Boris Grebenshikov


Bilingual mathematician Boris Grebenshikov has also been known in the West since 1986, when his band Aquarium was featured on the U.S. release of “Red Wave”, the first compilation of rock music from St Petersburg. Three years later, MTV audiences could see him on video clips, singing in English, and he was likened to a “Russian Bob Dylan, David Bowie or Marc Bolan” depending on the critics. Every Western journalist was trying to find an equivalent to the multiform talent of Boris, who had signed with CBS/Columbia.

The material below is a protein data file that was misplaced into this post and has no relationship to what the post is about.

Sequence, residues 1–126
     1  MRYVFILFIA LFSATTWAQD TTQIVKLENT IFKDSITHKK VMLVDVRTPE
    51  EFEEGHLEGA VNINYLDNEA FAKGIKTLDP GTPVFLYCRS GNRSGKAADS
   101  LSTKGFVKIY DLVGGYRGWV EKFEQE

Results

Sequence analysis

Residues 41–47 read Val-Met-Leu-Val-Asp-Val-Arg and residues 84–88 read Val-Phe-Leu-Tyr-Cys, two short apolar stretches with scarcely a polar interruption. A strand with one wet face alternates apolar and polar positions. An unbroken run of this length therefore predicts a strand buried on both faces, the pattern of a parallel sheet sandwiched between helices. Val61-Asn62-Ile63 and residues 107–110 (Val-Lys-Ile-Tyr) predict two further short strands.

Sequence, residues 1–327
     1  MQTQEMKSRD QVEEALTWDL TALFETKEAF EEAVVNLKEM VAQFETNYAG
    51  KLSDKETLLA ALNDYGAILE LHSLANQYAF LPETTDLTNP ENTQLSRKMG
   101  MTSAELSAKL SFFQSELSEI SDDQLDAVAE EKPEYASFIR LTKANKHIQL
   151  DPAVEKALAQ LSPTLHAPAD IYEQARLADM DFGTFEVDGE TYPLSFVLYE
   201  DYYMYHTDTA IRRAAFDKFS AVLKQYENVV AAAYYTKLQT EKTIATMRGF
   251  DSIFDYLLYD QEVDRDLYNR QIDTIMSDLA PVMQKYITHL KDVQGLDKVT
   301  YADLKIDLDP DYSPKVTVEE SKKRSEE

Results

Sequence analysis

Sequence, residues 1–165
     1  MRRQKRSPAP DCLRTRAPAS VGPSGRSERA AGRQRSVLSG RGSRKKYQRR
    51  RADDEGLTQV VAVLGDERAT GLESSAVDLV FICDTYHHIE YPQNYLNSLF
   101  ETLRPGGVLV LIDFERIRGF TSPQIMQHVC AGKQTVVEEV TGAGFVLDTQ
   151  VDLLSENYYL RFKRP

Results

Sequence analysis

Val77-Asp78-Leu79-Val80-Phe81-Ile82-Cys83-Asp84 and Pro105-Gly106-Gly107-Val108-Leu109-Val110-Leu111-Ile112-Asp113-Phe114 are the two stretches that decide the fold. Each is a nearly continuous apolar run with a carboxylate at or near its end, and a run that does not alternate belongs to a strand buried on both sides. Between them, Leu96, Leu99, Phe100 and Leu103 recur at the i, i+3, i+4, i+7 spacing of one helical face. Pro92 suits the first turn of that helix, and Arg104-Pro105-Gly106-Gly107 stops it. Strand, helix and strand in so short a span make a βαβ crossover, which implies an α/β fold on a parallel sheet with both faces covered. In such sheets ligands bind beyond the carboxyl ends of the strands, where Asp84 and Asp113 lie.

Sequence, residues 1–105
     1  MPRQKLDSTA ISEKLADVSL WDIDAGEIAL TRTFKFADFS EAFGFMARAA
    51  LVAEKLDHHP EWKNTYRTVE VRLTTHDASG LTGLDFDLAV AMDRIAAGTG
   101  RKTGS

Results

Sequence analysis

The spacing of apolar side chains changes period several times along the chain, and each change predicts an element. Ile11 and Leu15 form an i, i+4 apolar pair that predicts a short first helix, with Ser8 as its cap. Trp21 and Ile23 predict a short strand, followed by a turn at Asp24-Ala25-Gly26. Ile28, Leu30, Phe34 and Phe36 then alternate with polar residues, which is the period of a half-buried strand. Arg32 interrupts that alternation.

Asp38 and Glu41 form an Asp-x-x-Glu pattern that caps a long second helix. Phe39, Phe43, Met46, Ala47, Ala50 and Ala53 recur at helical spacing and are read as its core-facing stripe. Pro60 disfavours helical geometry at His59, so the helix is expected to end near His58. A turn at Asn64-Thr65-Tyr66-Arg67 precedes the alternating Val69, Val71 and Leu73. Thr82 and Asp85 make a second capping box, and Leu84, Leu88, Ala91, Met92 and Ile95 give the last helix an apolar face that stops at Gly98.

Boris Grebenshikov was not the first Soviet citizen seduced by rock and roll even though this music style, which communist ideologists considered as a sort of bourgeois perversion, was not to be found in record shops. He was not the first one singing rock in Russian or wearing long hair and faded jeans. But he was the first to fully pass on the whole Western spirit of his time. BG really is The Godfather of Russian rock. But he is also The Godfather of Russian reggae. And…he invented Russian Celtic music as well! He assimilated cultures from around the world and adapted them for present-day Russian-speakers. If he was discovering the outside world during the Soviet Eighties, when it was impossible to actually set foot across the Iron Curtain, the Capitalist Nineties were the years when he “discovered his own country” as he now says, visiting just about every Russian city and small town that had a concert venue. The “endless tour” that he undertook right after Russia became independent from the Soviet Union and that he still pursues today– have proved another inexhaustible source of inspiration for his songs.

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